Depression and suicide are things that still plague our teenagers (our society in general really), and until more resources are devoted to mental health that is likely to continue. For some, the problem seems so large and it feels like there is nothing they can do. One artist is taking a swing at making a difference, using the platform that he knows best, music. Check out this video by Logic:
The video is a story of a young man struggling with his sexuality, which is appropriate as suicide among LGBTQ+ teens is higher than among their cisgendered peers. It is well worth your time to watch, talk about with teenagers in your sphere of influence, and to consider how you can make a difference. Regardless of your ideological take on issues of sexuality, each person that attempts to or commits suicide is someone’s son or daughter.
How do I make a difference?
- Have conversations with teenagers about loving their neighbors and peer advocacy. Check out the Trevor Project for ways to support LGBTQ+ teens
- The song’s title, 1-800-273-8255, is the National Suicide Prevention hotline. Scan their resources.
- Pay attention to changes in the behavior of teenagers around you. They may be crying out and need an adult to simply hear their cry. Need to know what to look for? Start with this artcle from the National Institute for Mental Health
- Consider hosting a Mental Health First Aid training in your congregation, school or community.
It started as a small cough and developed into acute bronchitis. Brock has never been prone to illness beyond the occasional cold, except when he was little. Although as an infant he did keep us busy with ear infections. At the doctor, when being diagnosed and treated for this bout of bronchitis, Brock also had an ear infection. His first since day care days.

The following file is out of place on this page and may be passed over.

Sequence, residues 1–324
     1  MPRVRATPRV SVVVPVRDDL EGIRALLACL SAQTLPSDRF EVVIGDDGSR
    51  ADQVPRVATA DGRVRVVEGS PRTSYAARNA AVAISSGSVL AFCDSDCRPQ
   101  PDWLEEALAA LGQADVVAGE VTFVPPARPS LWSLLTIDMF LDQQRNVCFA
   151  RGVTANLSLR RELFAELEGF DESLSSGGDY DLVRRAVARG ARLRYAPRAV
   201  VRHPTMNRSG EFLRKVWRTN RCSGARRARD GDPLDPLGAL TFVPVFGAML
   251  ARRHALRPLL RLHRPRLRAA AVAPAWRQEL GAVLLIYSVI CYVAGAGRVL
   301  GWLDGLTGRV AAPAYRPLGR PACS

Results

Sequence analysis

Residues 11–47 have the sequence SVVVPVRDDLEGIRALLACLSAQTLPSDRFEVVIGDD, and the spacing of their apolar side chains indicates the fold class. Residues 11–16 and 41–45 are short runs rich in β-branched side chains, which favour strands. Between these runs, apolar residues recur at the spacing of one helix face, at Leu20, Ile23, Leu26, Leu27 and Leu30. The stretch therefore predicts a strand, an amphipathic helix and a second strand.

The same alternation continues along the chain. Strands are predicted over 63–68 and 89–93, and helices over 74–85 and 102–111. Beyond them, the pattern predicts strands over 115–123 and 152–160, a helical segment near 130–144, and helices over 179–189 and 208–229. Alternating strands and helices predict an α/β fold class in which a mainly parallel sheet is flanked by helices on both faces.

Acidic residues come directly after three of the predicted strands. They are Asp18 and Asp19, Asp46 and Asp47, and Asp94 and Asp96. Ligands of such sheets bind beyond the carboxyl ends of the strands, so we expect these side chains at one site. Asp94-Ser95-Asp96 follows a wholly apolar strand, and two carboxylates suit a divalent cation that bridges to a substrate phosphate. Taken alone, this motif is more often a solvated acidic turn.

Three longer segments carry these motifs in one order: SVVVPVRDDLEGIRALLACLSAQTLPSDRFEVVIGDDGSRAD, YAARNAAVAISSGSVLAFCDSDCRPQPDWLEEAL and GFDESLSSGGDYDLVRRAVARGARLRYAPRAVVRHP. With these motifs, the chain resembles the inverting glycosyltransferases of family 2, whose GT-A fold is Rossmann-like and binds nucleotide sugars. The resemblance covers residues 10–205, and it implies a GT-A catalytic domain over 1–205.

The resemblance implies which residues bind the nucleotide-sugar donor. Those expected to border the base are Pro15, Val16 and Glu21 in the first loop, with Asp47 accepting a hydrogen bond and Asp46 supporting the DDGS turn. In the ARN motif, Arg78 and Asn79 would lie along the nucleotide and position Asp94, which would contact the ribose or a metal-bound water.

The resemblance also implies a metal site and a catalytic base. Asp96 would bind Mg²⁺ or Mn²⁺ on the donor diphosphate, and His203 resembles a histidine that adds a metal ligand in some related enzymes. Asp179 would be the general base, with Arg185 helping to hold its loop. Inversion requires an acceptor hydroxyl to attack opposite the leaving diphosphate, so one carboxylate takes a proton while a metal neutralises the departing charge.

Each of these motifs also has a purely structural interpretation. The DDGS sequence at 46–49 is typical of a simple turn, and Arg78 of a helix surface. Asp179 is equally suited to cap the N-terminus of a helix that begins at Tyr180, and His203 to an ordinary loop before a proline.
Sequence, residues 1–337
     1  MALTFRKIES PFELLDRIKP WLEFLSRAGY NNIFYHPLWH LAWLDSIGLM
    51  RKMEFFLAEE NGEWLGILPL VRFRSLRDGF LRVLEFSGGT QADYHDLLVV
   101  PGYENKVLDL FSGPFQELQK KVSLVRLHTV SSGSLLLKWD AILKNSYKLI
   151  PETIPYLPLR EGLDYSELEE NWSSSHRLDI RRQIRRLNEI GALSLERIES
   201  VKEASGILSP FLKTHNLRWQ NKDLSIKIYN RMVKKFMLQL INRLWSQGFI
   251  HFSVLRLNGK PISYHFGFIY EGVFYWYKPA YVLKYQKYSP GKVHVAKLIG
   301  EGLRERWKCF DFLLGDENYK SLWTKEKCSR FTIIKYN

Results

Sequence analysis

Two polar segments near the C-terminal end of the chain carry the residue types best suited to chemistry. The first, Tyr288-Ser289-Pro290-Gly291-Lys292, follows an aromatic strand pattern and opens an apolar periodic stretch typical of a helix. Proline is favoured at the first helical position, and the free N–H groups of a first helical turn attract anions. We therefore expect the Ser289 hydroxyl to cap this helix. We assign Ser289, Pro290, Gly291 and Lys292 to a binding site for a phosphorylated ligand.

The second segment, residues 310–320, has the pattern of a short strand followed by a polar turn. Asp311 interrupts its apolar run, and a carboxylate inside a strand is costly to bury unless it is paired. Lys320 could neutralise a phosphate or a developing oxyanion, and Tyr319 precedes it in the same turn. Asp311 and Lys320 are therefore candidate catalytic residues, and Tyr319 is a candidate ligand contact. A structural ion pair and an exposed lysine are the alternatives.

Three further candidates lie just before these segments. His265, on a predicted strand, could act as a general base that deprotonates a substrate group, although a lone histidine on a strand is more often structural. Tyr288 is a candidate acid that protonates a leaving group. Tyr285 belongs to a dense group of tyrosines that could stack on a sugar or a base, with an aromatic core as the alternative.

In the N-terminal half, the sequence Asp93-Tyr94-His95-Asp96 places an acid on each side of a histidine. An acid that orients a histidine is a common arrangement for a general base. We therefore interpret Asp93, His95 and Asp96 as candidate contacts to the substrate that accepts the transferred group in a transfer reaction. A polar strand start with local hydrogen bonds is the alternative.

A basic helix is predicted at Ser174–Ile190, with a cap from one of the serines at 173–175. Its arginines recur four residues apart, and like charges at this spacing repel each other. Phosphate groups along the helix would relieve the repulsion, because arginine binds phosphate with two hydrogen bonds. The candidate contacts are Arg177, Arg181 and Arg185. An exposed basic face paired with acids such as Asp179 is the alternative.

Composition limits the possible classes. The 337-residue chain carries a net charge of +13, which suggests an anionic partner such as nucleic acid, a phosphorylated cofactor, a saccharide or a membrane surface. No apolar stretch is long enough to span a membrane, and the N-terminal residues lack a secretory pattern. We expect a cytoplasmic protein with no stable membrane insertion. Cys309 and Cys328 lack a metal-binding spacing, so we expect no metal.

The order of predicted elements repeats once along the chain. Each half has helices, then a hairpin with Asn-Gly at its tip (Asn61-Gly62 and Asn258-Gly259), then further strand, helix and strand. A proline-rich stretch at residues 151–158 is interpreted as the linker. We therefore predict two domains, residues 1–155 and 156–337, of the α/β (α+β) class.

Why am I writing about his health? The doctor asked this great question in her office, “Brock are you stressed out? You seem really tired, like, beyond the sickness.” A deep exhale from him confirmed that.
I have always had a romanticized view of Senior year and all the excitement that came with it. In fact, I bought into the story about how Junior year is the hardest and most pressure packed. A few tasks from Senior year might indicate otherwise:
- College applications
- Senior year classes
- Extra curriculuar activities
- Scholarship applications
- Financial aid conversations
- Decisions about where to attend college…all making for a stressful Fall in our home.
We should probably include “freaked out, but trying to act like we are holding it together” parents. Don’t judge. A few thoughts for youth ministers about Seniors.
- Many students are overwhelmed and don’t know how to handle it. You don’t have to fix this for them. Just let them know that you are in their corner and praying for them.
- Give them opportunities for places to just be, not where there is something expected of them.
- Share prayer practices that help them find peace and readjustment because of whose they are.
- Please don’t make them feel guilty when they miss a program or event. Do let them know they were missed.
- Remind them that the celebration is coming!